07 May Building Custom Software: 5 Essentials for Long-Term Benefits [eBook]
Custom software can be a life-saver, making your days easier and business more profitable for years to come. Or, it can be a massive headache when it fails to solve real-world problems or evolve alongside your needs. Failure or success hinge on key steps that must happen before you dive into software creation.
But first, you need to figure out if custom software is right for you, or if you should buy off the shelf?
If repetitive data entry, manual processes or mistakes take hours to resolve, that’s a strong case for automation, ensuring your business remains competitive. In that case, custom software is ideal if mass-market solutions simply cannot solve the challenges that are unique to your organization, or can’t do so without forcing you to rework processes and workflows so much, it ends up creating new headaches.
You see, the goal of custom software is to ease everyone’s workload, eradicate mistakes and barriers so you can direct your resources to other priorities, like attracting more customers and keeping current ones happy. Custom software development also should be a no-stress process when following a proven path to software planning and execution.
If you’ve determined custom software is the way to go, we advise you to carefully consider (and don’t rush past) the following steps.
(Not sure whether to build or buy? We’ll link to a handy guide below to help you discern what’s best for you. We’ve also written about key considerations here.)
1. First, evaluate existing processes.
Resist the urge to start with a wish list of software features. Your initial idea for the perfect design may be inadequate, and could even create new problems. Instead, understand current processes, where blind spots or gaps lie, and get crystal-clear on the problems you want your custom software to solve.
2. Next, build your plan and define your budget.
Knowing what your problem is costing your business today is important to discerning what’s a fair investment in a custom solution. We’re talking hard costs as well as manpower, service delays, lost productivity and opportunities hindering your profits.
Simple questions that can spawn good discussions and clarify your best path forward include:
- Where do delays or errors occur today, and what are the ramifications?
- What tripping points do prospects or clients seem to have a hard time with?
- Is there a better or faster way to your desired results?
- Is your model scalable? Can it support evolving needs as your business grows?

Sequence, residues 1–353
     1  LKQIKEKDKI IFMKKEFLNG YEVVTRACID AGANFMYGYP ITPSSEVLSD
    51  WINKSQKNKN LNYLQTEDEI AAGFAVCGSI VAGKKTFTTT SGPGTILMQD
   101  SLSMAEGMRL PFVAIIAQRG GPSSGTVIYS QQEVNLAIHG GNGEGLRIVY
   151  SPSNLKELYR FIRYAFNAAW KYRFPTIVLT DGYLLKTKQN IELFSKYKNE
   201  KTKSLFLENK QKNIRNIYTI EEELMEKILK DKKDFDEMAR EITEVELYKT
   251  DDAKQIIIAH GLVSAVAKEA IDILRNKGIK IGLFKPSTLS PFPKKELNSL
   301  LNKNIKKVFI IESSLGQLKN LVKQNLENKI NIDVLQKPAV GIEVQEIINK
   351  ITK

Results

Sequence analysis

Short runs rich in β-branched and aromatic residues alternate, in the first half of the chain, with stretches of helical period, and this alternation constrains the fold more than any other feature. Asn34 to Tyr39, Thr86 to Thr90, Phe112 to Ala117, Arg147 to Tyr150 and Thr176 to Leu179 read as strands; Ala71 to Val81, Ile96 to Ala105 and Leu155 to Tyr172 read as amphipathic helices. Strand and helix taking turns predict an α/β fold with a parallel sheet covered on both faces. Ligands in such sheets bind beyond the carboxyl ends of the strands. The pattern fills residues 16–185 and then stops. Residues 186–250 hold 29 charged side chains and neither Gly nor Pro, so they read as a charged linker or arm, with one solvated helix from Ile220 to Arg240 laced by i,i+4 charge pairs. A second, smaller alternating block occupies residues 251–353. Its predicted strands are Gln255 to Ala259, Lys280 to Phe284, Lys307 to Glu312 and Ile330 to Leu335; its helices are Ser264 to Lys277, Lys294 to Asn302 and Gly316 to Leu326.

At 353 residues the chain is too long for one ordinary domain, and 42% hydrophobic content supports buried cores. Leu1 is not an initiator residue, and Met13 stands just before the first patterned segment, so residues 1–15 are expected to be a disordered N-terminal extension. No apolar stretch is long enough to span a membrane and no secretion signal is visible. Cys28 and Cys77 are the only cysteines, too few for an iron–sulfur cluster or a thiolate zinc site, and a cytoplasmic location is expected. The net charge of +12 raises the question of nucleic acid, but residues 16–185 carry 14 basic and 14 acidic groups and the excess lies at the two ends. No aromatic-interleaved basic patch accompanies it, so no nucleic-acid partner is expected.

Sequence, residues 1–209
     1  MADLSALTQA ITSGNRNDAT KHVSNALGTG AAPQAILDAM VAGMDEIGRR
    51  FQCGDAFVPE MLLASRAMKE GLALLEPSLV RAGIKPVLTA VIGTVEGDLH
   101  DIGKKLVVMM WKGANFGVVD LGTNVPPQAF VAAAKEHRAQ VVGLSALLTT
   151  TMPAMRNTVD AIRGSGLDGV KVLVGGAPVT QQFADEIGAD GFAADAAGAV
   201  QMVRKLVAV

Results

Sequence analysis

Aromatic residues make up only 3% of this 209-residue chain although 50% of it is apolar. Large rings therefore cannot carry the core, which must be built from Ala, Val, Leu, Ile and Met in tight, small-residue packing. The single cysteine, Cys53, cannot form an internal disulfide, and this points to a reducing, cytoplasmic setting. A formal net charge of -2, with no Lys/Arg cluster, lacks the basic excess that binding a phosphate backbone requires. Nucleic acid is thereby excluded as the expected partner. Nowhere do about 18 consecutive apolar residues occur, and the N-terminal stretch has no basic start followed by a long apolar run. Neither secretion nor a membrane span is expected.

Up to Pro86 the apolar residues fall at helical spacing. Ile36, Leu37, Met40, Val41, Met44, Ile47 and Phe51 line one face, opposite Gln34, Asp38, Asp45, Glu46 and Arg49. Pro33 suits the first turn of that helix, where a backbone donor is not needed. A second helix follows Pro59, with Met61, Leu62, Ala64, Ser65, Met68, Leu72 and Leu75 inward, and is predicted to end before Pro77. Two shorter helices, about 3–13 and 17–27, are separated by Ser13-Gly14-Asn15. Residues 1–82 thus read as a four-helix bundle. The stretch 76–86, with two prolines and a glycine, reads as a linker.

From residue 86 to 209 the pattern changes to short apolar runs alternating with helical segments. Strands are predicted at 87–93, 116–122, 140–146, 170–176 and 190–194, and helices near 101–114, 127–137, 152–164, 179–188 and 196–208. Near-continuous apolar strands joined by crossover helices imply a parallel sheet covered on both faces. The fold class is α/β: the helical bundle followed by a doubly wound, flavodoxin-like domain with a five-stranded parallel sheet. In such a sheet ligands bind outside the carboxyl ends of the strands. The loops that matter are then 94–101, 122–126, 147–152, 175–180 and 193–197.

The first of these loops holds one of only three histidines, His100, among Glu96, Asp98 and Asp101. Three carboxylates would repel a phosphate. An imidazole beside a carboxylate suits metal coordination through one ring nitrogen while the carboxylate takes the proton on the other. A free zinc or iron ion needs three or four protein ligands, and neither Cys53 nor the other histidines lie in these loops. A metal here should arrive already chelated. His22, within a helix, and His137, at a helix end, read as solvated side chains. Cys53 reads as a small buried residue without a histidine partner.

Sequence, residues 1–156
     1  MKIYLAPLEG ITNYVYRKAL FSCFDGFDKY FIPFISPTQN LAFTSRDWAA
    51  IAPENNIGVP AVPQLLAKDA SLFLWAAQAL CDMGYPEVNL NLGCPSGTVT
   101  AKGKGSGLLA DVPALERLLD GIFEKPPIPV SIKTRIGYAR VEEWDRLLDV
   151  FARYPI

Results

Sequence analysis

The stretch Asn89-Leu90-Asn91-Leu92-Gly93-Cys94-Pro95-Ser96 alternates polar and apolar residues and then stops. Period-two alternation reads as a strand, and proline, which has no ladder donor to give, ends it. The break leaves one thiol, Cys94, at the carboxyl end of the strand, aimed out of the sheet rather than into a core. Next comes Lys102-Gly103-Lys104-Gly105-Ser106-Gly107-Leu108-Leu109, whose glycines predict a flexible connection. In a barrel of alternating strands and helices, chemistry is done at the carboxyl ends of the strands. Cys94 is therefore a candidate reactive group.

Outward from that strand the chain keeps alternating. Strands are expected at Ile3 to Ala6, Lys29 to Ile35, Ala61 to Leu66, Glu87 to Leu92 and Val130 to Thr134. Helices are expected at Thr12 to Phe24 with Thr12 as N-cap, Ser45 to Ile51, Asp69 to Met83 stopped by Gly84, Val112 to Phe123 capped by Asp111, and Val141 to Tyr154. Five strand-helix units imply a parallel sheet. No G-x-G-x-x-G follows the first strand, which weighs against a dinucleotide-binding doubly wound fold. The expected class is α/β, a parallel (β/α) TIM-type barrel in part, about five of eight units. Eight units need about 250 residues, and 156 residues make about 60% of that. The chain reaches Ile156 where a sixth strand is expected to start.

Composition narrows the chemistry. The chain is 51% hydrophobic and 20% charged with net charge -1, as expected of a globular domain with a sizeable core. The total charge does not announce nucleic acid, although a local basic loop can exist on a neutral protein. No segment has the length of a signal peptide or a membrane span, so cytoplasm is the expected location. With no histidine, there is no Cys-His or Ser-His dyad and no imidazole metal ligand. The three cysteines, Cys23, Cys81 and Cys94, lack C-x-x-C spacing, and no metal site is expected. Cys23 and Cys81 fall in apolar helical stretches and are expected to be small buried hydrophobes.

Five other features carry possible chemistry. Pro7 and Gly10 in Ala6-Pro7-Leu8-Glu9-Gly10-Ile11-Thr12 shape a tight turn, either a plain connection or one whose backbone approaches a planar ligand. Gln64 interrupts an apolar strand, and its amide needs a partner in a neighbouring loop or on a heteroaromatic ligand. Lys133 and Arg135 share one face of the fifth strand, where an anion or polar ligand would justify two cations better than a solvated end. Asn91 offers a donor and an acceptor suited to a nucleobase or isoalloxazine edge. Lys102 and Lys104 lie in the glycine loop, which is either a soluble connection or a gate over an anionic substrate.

Use the Inverse-Square cost calculator to help you.
At this stage, don’t expect to nail a specific budget number. Instead, aim for a range. Your custom software developer needs to determine what it will take to solve the problems you want solved, and what can be reasonably accomplished with your resources.
Once the initial budget range is established, it’s time to tackle the design and refine the scope of work.
3. Enter the design
Ask questions and ensure you understand your developer’s design process. Also be sure to clarify roles, including your role as a client. If anything seems hazy, ask for clarification.
Expect the design phase to include a gathering of both high-level info as well as detailed requirement documentation. Your development team will also want to meet you face-to-face a few times to thoroughly understand your needs and ensure expectations are aligned.
4. Nail the final cost.
After an effective design phase, we aim to have a 95% complete wireframe — a blueprint of your solution. If all looks good to you, your development team can proceed with a final cost analysis.
Keep in mind this could be a flat fixed bid, or a cost estimate that can fluctuate by 20%.
5. The contract.
Now that you’ve defined goals, pricing, plan and service terms, it’s time to tighten the scope of work and get everything in writing. Typically we see four types of custom software development contracts, each with its pros and cons: time and materials, fixed fee, fixed budget, and capped budget with an accelerated bonus.
With the contract signed, we’re onto the build and installation phases, which you’ll find outlined in the resource linked below. Do take a moment to familiarize yourself with factors impacting your project post-contract. Your input will still be needed, and both you and your developer should be prepared for the possibility that something may go wrong, or the scope or work may change along the way.
When built correctly, your custom software will leave you breathing sweet relief and increase your profit potential for years to come. Need a roadmap to ensure that outcome?